Finally, for graphical purposes we calculated the 95% confidence interval for the family and site-wide parameter portions of the model by sampling the bivariate normal distribution of family-level slopes and intercepts (defined by α, SDα2, β, SDβ2 and Covα,β), calculating predicted mortality at a range of wood density values, and adding within-family variation to each estimate using σ. This process was repeated 10 000 times and the 97.5% and 2.5% quantiles of the resulting distribution were calculated (shaded areas in Fig. 1). This procedure allows us to determine where 95% of randomly chosen species from randomly chosen families would be predicted to fall, and thus provides an estimate of the range of variability in the wood density–mortality relationship.

Figure 1.

 The relationship between wood density (WD) and annual mortality rates for individual species (black points) from 10 forest census plots across the tropics, as described by Model 1. The solid line indicates the average family relationship as described by the site-wide slope α and intercept β; lines curve because the y-axis has been log-transformed for presentation. Dashed lines denote ± 2σ (within-family error) around the average family relationship. The shaded area indicates the 95% confidence interval in the model, reflecting variation both within and across families. At some sites the shaded area contracts around the global mean wood density (0.58 g cm−3), reflecting the fact that data were centered on this value before analysis. An asterisk (*) denotes plots where site-wide slope (α) 95% credible interval estimates do not overlap 0 (see Tables 1 and S4). Note that the intercept of the average family relationship at Sinharaja is strongly influenced by two species, each the sole representative of their family (Melastomataceae and Vitaceae), with elevated mortality rates relative to the rest of the plot.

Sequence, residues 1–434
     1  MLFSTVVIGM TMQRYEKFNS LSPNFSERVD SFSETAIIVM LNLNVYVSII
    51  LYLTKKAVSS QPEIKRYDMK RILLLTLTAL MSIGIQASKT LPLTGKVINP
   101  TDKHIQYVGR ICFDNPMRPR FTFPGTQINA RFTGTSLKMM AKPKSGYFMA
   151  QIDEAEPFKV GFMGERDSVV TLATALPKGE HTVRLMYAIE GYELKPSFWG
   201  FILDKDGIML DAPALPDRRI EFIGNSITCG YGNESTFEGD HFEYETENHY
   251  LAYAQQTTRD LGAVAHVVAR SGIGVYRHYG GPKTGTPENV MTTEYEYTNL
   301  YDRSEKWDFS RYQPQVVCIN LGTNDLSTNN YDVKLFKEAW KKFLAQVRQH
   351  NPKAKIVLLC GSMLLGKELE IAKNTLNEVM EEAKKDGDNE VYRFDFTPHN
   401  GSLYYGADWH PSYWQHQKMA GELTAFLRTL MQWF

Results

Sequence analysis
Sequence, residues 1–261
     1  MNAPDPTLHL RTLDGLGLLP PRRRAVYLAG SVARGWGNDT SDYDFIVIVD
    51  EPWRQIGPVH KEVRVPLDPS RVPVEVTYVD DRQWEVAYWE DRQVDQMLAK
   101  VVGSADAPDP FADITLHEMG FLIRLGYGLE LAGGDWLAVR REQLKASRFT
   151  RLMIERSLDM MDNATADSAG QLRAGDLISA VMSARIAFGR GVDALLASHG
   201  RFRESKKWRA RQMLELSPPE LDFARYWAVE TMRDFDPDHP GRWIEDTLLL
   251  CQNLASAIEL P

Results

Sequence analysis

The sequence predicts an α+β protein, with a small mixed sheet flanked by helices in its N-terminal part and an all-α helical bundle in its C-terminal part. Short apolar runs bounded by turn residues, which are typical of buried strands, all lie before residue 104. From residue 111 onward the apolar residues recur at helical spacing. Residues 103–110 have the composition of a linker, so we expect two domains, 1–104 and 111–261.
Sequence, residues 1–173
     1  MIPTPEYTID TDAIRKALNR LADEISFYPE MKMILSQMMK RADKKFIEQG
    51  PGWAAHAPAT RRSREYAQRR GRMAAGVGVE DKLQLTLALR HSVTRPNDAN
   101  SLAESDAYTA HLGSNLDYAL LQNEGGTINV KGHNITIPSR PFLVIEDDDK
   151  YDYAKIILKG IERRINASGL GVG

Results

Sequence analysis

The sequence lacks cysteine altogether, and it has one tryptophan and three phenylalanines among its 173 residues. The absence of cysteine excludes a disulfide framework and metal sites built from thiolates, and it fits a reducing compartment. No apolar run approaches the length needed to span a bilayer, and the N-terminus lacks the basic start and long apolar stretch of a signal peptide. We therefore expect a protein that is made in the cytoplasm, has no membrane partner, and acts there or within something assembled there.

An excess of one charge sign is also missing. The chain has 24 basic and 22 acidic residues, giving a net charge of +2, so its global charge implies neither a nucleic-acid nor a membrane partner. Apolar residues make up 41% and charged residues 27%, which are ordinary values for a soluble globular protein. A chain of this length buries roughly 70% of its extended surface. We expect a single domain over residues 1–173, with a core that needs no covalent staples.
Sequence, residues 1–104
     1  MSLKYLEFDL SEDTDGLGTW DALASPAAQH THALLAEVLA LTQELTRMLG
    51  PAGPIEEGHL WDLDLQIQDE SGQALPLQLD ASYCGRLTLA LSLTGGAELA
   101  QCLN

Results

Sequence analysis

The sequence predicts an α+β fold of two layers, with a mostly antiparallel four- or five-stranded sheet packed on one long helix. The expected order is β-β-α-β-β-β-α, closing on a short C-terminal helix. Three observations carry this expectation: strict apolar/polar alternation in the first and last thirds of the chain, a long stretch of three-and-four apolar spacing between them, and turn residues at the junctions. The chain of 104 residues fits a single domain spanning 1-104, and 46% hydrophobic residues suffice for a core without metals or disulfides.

Model 2: family-based analyses

To address our second question about the role of family-level variation, we ran a second model that grouped species across sites by family. We then conducted a similar analysis for each family as we had done for each plot in Model 1, but Model 2 did not have the site-wide parameter portion of the model. Each family j was analyzed separately. The census data level of the model remains the same, but the family level was simplified to estimate a single slope (aj), intercept (bj′) and residual error (σj). In cases where species occurred at multiple sites, only the data from the site with the most individuals were included, although our main conclusions were insensitive to including these extra observations (results not shown). We chose to restrict our analyses to families with 15 or more species in the data set.

Phylogenetic analyses

As a last step, we explored the phylogenetic component of the relationship between wood density and mortality in two ways. First, we tested the degree of phylogenetic conservatism (Lord et al., 1995; Blomberg et al., 2003) of wood density and estimated mortality rates using the Analysis of Traits (AOT) routine in the program phylocom (Webb et al., 2008). In order to do this, we created a phylogenetic tree of all taxa using phylomatic (Webb & Donoghue, 2005) and the angiosperm phylogeny R20050610 (archived at Unresolved relationships between genera within families and species within genera were treated as polytomies. We used log-transformed estimates of mortality from Model 1, and averaged mortality rates across sites for species that occurred in multiple locations. Secondly, to control for phylogenetic nonindependence, we tested for a pan-tropical relationship between wood density and mortality with a phylogenetic independent contrasts (PICs) analysis of all taxa in the study (Felsenstein, 1985; Garland et al., 1992), again implemented in the AOT module of phylocom (Webb et al., 2008).